Cost concerns: churches, pastors face questions about pay, insurance and benefits


March 26, 2019

By Grace Thornton
The Alabama Baptist

As Mike Jackson travels around the state meeting with churches in transition, he says one question comes up more and more frequently than any others.

“What I’m seeing is a lot of churches who are wrestling with should we move from full-time ministry to bivocational when it comes to hiring a pastor,” said Jackson, director of the office of LeaderCare and church health for the Alabama Baptist State Board of Missions (SBOM).

“Most realize they’ve got to be able to help a pastor make a living one way or another, and they’re asking themselves if they can afford to continue to hire one full time.”

Lee Wright, coordinator of church compensation services for the SBOM, said a number of factors contribute to that.

Economic factors
Some are economic — giving to churches took a hit with the Great Recession and, though the economy has largely recovered, churches are still recovering financially.

At the same time the costs of employing a full-time pastor are ever rising, Wright said. One of those costs is health care.

“I read back in the ’90s that around 90 percent of churches provided health insurance,” he said. “Today it’s a lot fewer. It’s just so expensive.”

The cost of health insurance has stabilized recently — a moderate 6 percent raise in costs in 2019 — but it’s still high, he said. It sometimes can be hard for a church to afford it for full-time or part-time pastors and that often puts the burden on the pastor and his family.

Some have opted for medical-sharing ministries or the health care marketplace. Others have found other ways of getting insurance that require more commitment from the pastor’s family.

“We see the pastor’s wife working largely for the health insurance, or a pastor driving a school bus on the side to get insurance,” Wright said.

He said he remembers the advice young men who were interested in ministry were given years ago — to avoid considering any other kind of job.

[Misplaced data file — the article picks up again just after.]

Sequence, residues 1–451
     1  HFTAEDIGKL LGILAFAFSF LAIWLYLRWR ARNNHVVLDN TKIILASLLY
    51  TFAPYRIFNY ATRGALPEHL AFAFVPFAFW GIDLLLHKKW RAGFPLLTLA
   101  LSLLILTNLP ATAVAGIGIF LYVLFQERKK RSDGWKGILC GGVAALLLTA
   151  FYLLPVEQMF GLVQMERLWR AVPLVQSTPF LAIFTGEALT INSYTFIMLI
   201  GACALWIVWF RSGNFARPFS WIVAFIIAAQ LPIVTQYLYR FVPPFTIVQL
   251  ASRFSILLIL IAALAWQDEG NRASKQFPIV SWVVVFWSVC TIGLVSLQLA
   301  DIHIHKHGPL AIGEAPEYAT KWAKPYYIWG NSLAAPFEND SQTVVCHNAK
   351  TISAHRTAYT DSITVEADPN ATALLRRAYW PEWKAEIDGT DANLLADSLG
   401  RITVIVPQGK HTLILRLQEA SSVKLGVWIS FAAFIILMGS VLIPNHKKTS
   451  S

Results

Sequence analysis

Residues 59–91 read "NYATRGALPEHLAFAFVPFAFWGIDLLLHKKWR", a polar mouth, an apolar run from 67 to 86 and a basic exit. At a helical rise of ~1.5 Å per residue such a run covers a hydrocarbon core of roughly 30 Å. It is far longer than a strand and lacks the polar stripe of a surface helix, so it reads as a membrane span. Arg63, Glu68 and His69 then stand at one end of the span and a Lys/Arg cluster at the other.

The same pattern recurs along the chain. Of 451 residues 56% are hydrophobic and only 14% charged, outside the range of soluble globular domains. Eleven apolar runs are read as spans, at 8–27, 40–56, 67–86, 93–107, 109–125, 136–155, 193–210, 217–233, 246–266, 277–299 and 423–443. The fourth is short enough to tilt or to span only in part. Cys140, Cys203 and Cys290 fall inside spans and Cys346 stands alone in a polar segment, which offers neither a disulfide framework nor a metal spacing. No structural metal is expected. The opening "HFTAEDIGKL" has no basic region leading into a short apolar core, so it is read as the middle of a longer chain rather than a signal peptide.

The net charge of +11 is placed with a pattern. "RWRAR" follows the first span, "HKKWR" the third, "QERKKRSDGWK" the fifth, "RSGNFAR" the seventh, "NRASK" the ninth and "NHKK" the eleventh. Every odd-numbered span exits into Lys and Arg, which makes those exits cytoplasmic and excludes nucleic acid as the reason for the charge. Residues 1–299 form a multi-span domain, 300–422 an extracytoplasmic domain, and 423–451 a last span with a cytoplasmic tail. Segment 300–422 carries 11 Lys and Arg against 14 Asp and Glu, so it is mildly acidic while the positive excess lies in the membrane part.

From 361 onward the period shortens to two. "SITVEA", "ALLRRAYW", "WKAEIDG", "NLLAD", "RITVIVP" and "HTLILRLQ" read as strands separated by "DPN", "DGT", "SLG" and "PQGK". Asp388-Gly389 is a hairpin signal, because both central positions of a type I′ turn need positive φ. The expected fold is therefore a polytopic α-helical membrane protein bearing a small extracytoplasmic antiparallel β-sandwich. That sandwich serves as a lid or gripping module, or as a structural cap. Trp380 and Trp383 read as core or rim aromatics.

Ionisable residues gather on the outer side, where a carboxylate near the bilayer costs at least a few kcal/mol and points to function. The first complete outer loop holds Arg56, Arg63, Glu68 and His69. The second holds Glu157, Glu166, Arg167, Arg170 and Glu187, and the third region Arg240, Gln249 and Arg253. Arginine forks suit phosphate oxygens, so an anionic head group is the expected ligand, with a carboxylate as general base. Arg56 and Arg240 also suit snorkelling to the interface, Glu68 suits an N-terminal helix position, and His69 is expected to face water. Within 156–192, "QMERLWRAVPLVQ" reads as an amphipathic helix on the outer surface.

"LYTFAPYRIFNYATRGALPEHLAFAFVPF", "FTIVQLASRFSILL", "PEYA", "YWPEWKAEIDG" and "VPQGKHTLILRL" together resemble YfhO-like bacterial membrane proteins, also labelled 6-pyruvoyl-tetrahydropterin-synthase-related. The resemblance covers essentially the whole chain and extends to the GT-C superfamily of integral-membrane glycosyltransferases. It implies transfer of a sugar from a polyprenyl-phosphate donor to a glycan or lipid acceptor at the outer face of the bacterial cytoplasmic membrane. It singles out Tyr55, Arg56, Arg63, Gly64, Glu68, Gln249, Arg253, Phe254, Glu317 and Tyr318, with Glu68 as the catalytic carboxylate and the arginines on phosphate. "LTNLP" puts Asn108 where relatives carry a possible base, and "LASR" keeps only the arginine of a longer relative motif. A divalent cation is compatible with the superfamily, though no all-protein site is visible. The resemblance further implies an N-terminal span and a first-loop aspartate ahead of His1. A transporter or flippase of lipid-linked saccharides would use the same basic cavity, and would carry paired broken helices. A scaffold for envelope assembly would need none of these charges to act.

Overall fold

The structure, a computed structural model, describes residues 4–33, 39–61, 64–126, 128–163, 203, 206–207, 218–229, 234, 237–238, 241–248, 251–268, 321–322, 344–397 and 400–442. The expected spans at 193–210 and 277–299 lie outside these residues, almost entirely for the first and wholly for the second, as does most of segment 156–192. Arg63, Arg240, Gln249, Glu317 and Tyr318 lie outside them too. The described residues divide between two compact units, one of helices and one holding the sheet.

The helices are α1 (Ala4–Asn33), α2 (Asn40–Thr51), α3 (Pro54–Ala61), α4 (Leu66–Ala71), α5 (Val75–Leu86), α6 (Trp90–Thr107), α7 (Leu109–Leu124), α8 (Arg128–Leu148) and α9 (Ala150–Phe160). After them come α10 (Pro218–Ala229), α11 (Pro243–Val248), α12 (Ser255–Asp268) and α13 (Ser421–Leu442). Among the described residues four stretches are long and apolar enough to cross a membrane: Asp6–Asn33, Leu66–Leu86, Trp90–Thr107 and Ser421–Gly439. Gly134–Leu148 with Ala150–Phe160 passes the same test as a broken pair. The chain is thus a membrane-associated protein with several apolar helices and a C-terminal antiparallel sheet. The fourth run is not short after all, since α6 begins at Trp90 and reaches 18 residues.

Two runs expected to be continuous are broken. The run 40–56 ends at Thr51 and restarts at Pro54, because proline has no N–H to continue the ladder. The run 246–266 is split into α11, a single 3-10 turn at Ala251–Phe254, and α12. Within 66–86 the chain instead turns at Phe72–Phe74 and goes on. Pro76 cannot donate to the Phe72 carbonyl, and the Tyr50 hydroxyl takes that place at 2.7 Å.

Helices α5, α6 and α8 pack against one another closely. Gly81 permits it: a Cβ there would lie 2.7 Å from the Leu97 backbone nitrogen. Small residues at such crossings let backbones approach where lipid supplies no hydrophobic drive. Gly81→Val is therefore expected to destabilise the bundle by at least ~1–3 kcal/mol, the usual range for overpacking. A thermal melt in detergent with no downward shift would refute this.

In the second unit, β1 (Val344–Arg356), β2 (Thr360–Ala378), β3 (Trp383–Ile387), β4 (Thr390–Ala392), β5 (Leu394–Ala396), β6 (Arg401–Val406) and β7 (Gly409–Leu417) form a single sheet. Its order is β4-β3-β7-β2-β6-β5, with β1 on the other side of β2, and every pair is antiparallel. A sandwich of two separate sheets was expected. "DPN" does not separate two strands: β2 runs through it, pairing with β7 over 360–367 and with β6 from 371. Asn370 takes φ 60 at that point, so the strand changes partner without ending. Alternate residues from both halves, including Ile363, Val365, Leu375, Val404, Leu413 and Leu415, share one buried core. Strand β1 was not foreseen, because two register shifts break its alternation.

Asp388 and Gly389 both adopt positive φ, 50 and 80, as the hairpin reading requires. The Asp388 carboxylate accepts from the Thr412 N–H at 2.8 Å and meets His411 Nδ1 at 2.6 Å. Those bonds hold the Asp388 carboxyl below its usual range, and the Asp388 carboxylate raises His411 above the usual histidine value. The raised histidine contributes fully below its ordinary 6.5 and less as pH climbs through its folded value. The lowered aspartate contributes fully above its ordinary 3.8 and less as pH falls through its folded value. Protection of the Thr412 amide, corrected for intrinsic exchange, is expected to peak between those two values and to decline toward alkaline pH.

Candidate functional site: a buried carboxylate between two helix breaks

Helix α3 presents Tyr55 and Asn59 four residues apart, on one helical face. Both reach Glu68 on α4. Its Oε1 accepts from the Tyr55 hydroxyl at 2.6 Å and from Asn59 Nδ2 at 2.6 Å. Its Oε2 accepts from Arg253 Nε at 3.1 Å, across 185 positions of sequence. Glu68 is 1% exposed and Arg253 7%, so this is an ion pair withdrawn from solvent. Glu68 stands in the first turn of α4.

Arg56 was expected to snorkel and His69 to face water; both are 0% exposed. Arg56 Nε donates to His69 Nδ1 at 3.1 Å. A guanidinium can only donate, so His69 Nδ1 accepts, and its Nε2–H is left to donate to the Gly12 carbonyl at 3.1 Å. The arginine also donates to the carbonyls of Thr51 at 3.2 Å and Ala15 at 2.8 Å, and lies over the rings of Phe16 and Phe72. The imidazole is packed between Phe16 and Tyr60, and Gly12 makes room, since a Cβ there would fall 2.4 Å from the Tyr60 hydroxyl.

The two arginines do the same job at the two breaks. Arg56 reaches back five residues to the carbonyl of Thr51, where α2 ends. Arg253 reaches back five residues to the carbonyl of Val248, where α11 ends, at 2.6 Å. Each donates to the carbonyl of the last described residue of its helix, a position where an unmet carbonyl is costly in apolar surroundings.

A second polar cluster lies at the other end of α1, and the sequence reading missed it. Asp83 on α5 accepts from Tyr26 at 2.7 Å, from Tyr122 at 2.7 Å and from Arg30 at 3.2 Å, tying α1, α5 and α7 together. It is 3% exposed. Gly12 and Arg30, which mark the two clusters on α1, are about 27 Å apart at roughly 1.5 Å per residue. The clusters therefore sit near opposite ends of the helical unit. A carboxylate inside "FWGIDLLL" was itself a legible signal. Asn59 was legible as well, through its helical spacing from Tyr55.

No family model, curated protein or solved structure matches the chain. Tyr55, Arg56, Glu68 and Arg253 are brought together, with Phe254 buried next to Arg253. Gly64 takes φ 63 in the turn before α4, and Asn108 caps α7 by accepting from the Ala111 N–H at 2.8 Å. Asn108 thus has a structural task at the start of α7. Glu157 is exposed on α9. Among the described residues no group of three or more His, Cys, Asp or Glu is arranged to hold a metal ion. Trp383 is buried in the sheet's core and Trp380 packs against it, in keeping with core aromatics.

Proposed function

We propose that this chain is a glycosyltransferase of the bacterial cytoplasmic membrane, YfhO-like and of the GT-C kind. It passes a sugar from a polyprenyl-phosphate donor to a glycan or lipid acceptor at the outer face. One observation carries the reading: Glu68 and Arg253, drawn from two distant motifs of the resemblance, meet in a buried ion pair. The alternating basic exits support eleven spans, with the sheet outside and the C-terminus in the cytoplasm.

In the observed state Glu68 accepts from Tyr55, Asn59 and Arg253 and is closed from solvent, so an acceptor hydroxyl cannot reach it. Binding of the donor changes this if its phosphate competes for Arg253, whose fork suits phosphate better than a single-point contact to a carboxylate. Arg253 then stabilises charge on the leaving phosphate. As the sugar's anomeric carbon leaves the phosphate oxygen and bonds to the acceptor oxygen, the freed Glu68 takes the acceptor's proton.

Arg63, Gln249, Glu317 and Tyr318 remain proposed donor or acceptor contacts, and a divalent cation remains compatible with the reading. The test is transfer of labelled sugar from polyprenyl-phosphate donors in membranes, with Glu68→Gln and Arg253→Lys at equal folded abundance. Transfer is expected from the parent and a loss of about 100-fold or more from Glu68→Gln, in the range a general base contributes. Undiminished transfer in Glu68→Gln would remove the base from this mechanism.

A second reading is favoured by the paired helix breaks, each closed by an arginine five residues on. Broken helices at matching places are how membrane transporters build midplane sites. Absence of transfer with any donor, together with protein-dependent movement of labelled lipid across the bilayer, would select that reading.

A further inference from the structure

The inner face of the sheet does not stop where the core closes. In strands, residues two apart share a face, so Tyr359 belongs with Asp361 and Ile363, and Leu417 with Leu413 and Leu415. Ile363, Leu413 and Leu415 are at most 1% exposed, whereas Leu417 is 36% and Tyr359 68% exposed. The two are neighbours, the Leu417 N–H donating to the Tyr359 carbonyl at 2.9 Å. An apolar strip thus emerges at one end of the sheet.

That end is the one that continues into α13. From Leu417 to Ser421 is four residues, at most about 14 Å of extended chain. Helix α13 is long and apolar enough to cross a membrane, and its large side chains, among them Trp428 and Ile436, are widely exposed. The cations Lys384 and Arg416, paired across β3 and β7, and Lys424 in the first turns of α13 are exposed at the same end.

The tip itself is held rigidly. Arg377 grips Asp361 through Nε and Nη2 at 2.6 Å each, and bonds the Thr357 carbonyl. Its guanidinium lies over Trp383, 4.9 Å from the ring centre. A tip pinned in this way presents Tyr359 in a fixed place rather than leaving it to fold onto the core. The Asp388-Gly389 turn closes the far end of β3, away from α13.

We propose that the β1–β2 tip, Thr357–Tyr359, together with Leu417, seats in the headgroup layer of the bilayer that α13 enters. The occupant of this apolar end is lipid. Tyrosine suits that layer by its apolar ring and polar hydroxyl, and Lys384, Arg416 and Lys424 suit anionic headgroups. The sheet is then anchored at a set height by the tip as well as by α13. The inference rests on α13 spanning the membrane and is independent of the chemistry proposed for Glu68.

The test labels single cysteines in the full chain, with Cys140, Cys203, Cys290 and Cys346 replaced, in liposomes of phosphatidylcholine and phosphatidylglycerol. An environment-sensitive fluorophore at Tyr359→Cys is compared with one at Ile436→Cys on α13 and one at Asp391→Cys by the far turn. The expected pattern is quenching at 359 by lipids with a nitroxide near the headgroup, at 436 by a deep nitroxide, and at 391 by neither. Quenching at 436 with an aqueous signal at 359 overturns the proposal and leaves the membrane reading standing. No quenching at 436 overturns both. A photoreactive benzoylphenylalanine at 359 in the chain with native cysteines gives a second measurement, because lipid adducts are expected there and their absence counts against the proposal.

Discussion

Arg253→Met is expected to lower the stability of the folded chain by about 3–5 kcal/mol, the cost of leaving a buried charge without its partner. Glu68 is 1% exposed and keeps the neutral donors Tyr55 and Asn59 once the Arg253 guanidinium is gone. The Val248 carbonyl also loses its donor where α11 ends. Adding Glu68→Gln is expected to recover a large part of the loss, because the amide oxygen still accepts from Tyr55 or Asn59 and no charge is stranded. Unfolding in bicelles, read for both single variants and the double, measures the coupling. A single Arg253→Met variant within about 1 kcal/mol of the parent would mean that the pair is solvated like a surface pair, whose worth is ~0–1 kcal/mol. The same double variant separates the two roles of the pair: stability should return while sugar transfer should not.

“They would say, ‘If you’re going to be a professional at ministry, don’t have an alternative career because you’ll take that as an out,’” he said.

It’s the total opposite of that today, Wright said. “I think every minister who is preparing for ministry should be able to serve bivocationally.”

More than 50 percent of Alabama’s pastors are bivocational — a way churches and pastors can meet in the middle when finances are a struggle.

But whether a church hires a full-time pastor or a bivocational one, there are a few things churches should keep in mind, Wright said.

1. Remember that better compensation means a better functioning pastor.
It’s not that compensation is everything to a minister but providing for him adequately can free him up to do ministry more effectively and with less stress. Younger pastors have a big hill to climb in ministry these days to find financial stability, according to a Christianity Today article called “The Pastor’s Pay in 2019 and Beyond.”

In fact the article cites a 2018 ChurchSalary poll that found 3 in 10 church leaders personally knew someone who had left the ministry because of inadequate pay. Pay is a little better for full-time pastors in Alabama than the nationwide average, Wright said.

But even so the 2018–2019 Layman’s Salary Study states there’s still room for improvement. In Alabama full-time pastor compensation rose but didn’t keep up with inflation the past two years. The state’s full-time pastors are 9 percent behind in benefits and bivocational pastors are 10 percent behind the national average in compensation. There’s an even greater deficit for them in benefits.

2. Avoid the package approach.
Some churches will give a pastor a lump sum of money and let him decide how he wants to spend it — whether as salary, health insurance or other types of benefits.

“When they talk about salary with a pastor they will say, ‘Here’s X number. Divide it up how you want to,’” Wright said. “What typically happens is he’ll designate a certain amount as car allowance and that does him no good if he doesn’t have an accountable reimbursement plan.”

3. Be aware that pastors can’t write off expenses as they could in the past.
Gone are the days when pastors could write off business expenses like cars on their taxes, Wright said.

Helping pastors
“A lot of ministers would tell me in the past that they didn’t want an accountable reimbursement plan because it was a hassle,” he said. “But they are an employee for federal purposes and this would be under Schedule A itemized deductions. Before they would itemize it as unreimbursed business expense and that’s totally gone. Lots and lots of pastors don’t know that yet.”

Churches can help their pastors by providing them with a dedicated housing allowance.

“It doesn’t cost the church anything to do it that way,” Wright said. “Many churches want to help their minister and help avoid paying any unnecessary taxes, they just don’t do it the way it needs to be done to make that happen.”

To access the 2018–2019 Layman’s Salary Study, visit alsbom.org/ccs. The study includes worksheets that your church can use to take a look at its compensation structure.

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